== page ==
After Hurricane Maria, a two-man delegation representing Puerto Rico’s Jewish community drove north on a highway littered with fallen trees to the coastal town of Loiza. Their vehicle: a battered dark blue Dodge minivan with a blown-out window, another casualty of the record winds and rain.
Loiza, population 30,000, was one of the towns hit hardest on the island, leaving many of its already poor residents without rooftops, food, water or medical supplies.
Diego Mendelbaum, director of the San Juan Jewish Community Center and the Shaare Zedeck Conservative synagogue, and David Solomiany, a community member, decided to head to Loiza after hearing that hurricanes Irma and Maria had devastated the town.
They found the town hall and asked to meet with the mayor, Julia Nazario. She gave them a list of Loiza's most urgent needs: 1,000 plastic tarps to replace lost roofs, canned food, bottled water, diapers, baby formula, disinfectants and sanitizer.
“We’ll be back soon,” Solomiany recounted telling the mayor. He and Mendelbaum said the Jewish community would “adopt” the town; they then got back in the minivan and drove away — the mayor later told them she hadn’t been so sure she would see them again.
Back in San Juan, the pair opened a PayPal account on the JCC and synagogue website, and contacted Jewish Puerto Rican family and friends in the United States to spread the word about their mission to help Loiza. Their Facebook page features running updates on their relief efforts.
“Two days later we were back,” Solomiany said. This time with flashlights, 50 tarps, cans of beans, corn, tuna fish and other food, and other supplies. “They said, ‘These people are for real’ in this town where for some it may have been the first time they were ever in touch with Jewish people.”
As he put it, “We want to take it directly to the people because the people need it now.”
Officials in Puerto Rico, most famously San Juan Mayor Carmen Yulin Cruz, have harshly criticized the sluggish pace of relief after a disaster that left 3.4 million people on the island without electricity and usually without phone or internet connections.
On Tuesday, U.S. President Donald Trump, who engaged in a Twitter war against Cruz, is scheduled to visit the island.
“We are too busy trying to help the people; let the politicians squabble. We, the Jewish community, just want to help Puerto Rico. Puerto Rico has given the Jewish community so much in this time of need; we want to give back. We are small in number, but we are already making a difference in Loiza,” Solomiany said.
Since launching the mission to aid Loiza, the community had raised almost $100,000 and chartered four planes to bring additional supplies there. Ten representatives of the UJA Federation of New York arrived Sunday on their own plane and delivered 1,500 pounds of supplies, working with a delegation from the Puerto Rican Jewish community, Solomiany said.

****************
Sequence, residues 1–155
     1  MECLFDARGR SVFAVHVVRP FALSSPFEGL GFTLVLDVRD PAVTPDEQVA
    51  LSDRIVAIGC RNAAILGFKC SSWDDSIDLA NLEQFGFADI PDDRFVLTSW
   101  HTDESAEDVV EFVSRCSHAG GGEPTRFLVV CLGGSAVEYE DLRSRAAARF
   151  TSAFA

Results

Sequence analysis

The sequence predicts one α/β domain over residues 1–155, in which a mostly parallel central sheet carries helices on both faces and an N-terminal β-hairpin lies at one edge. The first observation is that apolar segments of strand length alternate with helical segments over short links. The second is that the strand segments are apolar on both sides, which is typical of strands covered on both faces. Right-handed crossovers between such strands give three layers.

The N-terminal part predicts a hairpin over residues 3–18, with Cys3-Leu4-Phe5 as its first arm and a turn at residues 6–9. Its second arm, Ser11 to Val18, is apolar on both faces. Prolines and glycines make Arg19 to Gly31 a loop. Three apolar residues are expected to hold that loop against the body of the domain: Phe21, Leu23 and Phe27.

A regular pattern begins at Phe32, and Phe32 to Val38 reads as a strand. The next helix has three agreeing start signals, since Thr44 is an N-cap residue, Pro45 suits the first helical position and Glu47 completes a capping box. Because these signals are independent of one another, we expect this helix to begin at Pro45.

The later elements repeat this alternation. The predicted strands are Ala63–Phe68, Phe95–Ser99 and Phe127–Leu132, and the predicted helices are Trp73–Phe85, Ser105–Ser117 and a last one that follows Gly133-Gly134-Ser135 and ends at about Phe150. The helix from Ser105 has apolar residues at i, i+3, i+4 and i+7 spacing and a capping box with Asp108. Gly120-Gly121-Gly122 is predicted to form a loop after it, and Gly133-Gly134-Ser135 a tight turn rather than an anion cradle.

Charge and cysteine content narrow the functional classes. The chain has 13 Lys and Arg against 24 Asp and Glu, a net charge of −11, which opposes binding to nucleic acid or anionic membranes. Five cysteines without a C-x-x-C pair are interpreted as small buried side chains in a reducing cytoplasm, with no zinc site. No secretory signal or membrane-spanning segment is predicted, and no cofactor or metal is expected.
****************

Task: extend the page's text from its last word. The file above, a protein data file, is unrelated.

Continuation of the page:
The community is also partnering with IsraAID, which showed Loiza residents how to use a water purifier and installed two of them in shelters in the Loiza area. The Jewish community is now working to bring more such purifiers to the area.
Another partner helping their relief efforts is Stronger & Better Together from Boca Raton, Florida. The Puerto Rico JCC is also hosting several health care workers from the organization Project Hope.
This weekend the mission is expecting to bring another 300 to 400 tarps to Loiza after sending out word to people to buy as many tarps as possible in American hardware and camping stores. Tarps patch up homes missing all or part of their roofs. The next phase of fundraising efforts will be on obtaining Loiza residents $100 cards that they can use to buy goods and food when stores in the area reopen.
Farms starting from scratch
Michael Berezdivin, who grew up in Puerto Rico but is based in Miami, has been flying back and forth to help with the community’s relief efforts. He said that in the initial stage of relief, Puerto Ricans most of all need water, food and gas. Later they will need funds to help rebuild their homes and businesses.
“Many locals lost their jobs due to businesses getting destroyed and won’t have the money to rebuild their lives. Puerto Rico lost all its vegetation and agricultural sector,” Berezdivin wrote in an email.
“The trees that are still standing no longer have leaves and farms no longer have growth. We must start from scratch. There was flooding in many areas and homes destroyed throughout the island. I spoke to some of my employees who told me they lost everything which broke my heart.”
As the community starts the long process of long-term relief help, “We want to learn and hear stories of how other communities have helped on a large scale,” Berezdivin wrote.
Puerto Rico has a Jewish community of some 1,000 people. Most are descendants of Jewish refugees who fled Europe on the eve of World War II, some of whom first settled in Cuba and left after Fidel Castro’s revolution in the 1950s. But the first Jewish presence on the island dates to the 15th century with the arrival of conversos, Jews who outwardly converted to Catholicism during the Spanish Inquisition; these included members of Christopher Columbus’ crew.
Most of the Jews there today live in the San Juan area, and although some have suffered damage to their homes, no one was left homeless by Hurricane Maria.
“My grandparents and parents fell in love with Puerto Rico and will not let a natural disaster like this ruin our homes for a third time. We have one of the strongest and most dedicated communities in the world and we’re here to rebuild Puerto Rico,” Berezdivin wrote.
“Remember Puerto Rico and come visit our beautiful island .... Watch how the Puerto Rican people rebuild their island and remember to get in touch with the local Jewish community to experience an unforgettable Shabbat dinner.”
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